I had some spare time, so I dug up some SX results of Canadians from my era. Yes, you are going to say I forgot so-and-so, but these are the guys I researched that made main events. Sorry if I left anyone out:
*all results we found are courtesy of the Racer X VaultColton Facciotti: Colton made 3 West Coast Lites main events in 2006 with his best finish being a 14th at Anaheim 3.
Tyler Medaglia: Tyler made 1 main even in East Coast Lites in Minneapolis in 2008 finishing 17th.
Kyle Beaton: Kyle made 7 West Coast Lite main events with his best finish being an 11th at San Diego in 2012.
Brady Sheren: “Mr. Atlas Brace,” Brady qualified for 5 main events over his career, all in the Lites class with a best finish of an 18th in San Francisco in 2009.
Cole Thompson: Cole has quite a bit of SX experience on both coasts, making 25 main events. Cole’s best finish was a 5th on home soil in Toronto in 2014 East Coast action.
Jean-Sebastian Roy: JSR raced SX on and off between 1993 and 2002. The Canadian G.O.A.T. made 73 main events in total. Roy made 9 main events in 125 action with his best finish of 6th in Indianapolis in 1995, and he qualified for 64 premier class main events with his best finish being an 8th in Charlotte in 1998.
Doug Dehaan: Doug lined up in SX from 1994-2006, making 38 main events between the two classes. Dehaan had 22 main events on 125cc with a best finish of a 6th in St. Louis in 1997, and he had 16 premier class main event starts with his best finish being an 11th in Las Vegas in 2000.
Marco Dubé: Marco lined up to race SX in both classes from 1996-2006. He made 9 main events in total. Marco had 7 main events in 125 action with a 9th in Tampa in 1998 being his best and a 14th in Daytona in the premier class in 2000.
Blair Morgan: Blair raced 125 SX in 1995-1996. He qualified for 3 main events, with his best finish being a 15th in San Jose in 1995.
Darcy Lange: Darcy may have had the most success out of the Canadians in his short SX career. He raced SX between 2000-2007. Darcy qualified for 19 combined main events. Lange finished an impressive 3rd overall in the 2007 East Coast Lites championship behind teammate Ben Townley, and Ryan Morais. Darcy had two 2nd place finishes, one in Irving, and one in Atlanta that season. His best premier class finish was a 13th in Las Vegas in 2002.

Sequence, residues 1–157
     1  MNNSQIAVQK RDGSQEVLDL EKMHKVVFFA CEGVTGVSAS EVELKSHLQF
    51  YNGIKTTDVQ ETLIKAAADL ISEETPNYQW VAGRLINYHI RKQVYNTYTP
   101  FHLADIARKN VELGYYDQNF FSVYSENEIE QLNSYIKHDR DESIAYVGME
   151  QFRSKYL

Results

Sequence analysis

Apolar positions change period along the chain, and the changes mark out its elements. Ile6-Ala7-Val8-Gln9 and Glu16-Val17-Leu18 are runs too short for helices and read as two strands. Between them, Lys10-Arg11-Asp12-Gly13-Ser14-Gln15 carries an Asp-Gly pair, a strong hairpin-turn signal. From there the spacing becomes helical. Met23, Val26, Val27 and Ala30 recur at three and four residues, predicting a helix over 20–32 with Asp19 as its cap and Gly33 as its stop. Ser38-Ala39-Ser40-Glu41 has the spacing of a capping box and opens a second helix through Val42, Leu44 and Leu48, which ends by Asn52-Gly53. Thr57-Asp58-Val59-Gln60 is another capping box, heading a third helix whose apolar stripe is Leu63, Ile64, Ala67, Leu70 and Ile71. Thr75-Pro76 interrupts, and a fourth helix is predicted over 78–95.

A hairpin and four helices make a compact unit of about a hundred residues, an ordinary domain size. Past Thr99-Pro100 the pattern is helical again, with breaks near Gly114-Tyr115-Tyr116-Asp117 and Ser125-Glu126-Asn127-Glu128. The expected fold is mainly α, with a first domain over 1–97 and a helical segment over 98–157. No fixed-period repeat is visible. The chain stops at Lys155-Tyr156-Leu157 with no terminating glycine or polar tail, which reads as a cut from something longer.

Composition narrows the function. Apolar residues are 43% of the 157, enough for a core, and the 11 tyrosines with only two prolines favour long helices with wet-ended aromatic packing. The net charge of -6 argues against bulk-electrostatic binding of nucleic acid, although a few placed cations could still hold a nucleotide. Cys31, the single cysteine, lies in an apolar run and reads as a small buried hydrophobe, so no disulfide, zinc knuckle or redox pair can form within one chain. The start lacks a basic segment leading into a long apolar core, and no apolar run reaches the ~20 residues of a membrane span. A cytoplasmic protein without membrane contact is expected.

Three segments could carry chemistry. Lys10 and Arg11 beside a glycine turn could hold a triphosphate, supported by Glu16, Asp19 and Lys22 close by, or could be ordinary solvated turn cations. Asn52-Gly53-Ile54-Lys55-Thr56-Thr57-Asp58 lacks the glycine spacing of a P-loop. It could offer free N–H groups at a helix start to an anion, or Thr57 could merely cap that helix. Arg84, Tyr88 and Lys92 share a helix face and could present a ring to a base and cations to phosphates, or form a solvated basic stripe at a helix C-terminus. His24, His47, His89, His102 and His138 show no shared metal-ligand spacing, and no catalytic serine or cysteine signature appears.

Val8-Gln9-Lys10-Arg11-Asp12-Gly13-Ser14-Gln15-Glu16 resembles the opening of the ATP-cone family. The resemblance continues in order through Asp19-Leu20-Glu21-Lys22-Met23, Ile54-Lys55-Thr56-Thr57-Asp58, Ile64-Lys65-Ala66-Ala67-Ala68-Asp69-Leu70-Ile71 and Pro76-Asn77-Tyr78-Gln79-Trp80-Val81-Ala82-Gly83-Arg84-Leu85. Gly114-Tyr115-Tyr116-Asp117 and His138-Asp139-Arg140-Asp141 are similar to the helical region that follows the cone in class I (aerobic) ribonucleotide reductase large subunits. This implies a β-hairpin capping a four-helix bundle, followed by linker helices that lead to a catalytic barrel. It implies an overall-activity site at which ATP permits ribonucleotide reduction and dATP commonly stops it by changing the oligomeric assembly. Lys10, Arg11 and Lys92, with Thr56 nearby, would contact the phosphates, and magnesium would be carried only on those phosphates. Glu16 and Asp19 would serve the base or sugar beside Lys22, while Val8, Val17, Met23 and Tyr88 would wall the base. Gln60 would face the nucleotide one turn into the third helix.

So that being said, making the main events are a win on their own. Quite a few Canadians have lined up, but unfortunately just couldn’t put it into the main. I feel with the 3 young guns that we have, night shows should be the norm, and on the right night, a main event might be in the cards.
Rockstar Triple Crown Top 100 Numbers
JetWerx and the Rockstar Triple Crown had a really cool count down to the release of their Top 100 numbers for 2018. It started off with the unveiling of the new career numbers. I myself am a huge fan of this and think it is a great idea. This system will help fans track their favourite riders a little better. For example… how many people were reaching for their programs last season in moto 1 at RJ’s to find out “who the heck is #58 out front in the lead?!” Well, it was Jeremy Medaglia and he was running the #58 after a not-so-great previous season.
With permanent numbers being chosen, riders can brand themselves a little better. And how cool is it to see the guys running their amateur digits. I’ve always been a huge fan of Mike Alessi sticking with the 800. Very cool. The 11 riders that were eligible to choose a permanent number have put in their time and earned this prestigious right.
After the career numbers were chosen, the remaining numbers up to 100 were awarded due to points from the 2017 season. Brandon Gourlay lucked out, and will be stuck with the #69 for 2017. We will check the rule book for Brandon and see if his numbers are required to be made of electrical tape or spray paint.
Anyways, it is nice to have some answers and it looks like the new series is shaping up quickly.
AMO Moving Riders Up
AMO president Ryan Gauld posted his list of riders being forced to move up classes this past week. Over the last few years there have been way too many sandbaggers hanging back in all classes and I applaud Ryan for pushing these riders out and making it fair for all. After all, are Junior championships still glamorous when you’ve been a top contender in the class for a few years and everyone else has already moved up?
Thor Winter Olympics
As Bigwave has mentioned, we will be heading south to the Mini O’s this Monday. I am really looking forward to seeing all of the fast up and comers. There hasn’t been much to talk about as of late, but I’m sure this trip will keep you busy reading for weeks.
Mark Booker is On the Mend and Going Home!
Before I go, I’d like to congratulate Mark Booker on his hard work. Mark suffered a horrendous crash the day prior to the Motopark Vet National breaking 36-plus bones. Booker is a stubborn old goat and busted his ass to get out of the hospital in 7 weeks. Mark will be leaving with 50+ new pieces of titanium in his body and an ever-growing list of bills. If you can, please donate and help Mark and his family get back on their feet.